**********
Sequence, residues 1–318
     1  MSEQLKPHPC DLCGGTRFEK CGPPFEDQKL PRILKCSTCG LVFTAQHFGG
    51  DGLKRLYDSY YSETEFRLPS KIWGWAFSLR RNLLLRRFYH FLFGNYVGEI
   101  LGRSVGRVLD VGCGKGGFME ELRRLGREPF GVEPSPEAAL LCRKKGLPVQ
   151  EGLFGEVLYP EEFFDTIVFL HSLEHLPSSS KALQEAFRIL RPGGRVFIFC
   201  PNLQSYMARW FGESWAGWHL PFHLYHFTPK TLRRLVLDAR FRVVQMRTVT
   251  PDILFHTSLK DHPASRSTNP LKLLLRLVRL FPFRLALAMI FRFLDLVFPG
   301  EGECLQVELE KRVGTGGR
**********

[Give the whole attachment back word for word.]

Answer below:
Sequence, residues 1–318
     1  MSEQLKPHPC DLCGGTRFEK CGPPFEDQKL PRILKCSTCG LVFTAQHFGG
    51  DGLKRLYDSY YSETEFRLPS KIWGWAFSLR RNLLLRRFYH FLFGNYVGEI
   101  LGRSVGRVLD VGCGKGGFME ELRRLGREPF GVEPSPEAAL LCRKKGLPVQ
   151  EGLFGEVLYP EEFFDTIVFL HSLEHLPSSS KALQEAFRIL RPGGRVFIFC
   201  PNLQSYMARW FGESWAGWHL PFHLYHFTPK TLRRLVLDAR FRVVQMRTVT
   251  PDILFHTSLK DHPASRSTNP LKLLLRLVRL FPFRLALAMI FRFLDLVFPG
   301  EGECLQVELE KRVGTGGR